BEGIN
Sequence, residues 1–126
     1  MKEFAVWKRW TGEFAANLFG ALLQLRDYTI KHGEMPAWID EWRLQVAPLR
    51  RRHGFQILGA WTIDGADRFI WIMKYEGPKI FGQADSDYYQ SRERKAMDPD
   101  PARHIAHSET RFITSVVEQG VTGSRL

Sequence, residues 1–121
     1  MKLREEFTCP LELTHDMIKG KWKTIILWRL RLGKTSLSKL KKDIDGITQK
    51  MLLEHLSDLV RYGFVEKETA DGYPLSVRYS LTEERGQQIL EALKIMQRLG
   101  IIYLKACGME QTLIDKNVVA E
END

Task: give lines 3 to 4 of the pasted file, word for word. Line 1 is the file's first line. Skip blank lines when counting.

    51  RRHGFQILGA WTIDGADRFI WIMKYEGPKI FGQADSDYYQ SRERKAMDPD
   101  PARHIAHSET RFITSVVEQG VTGSRL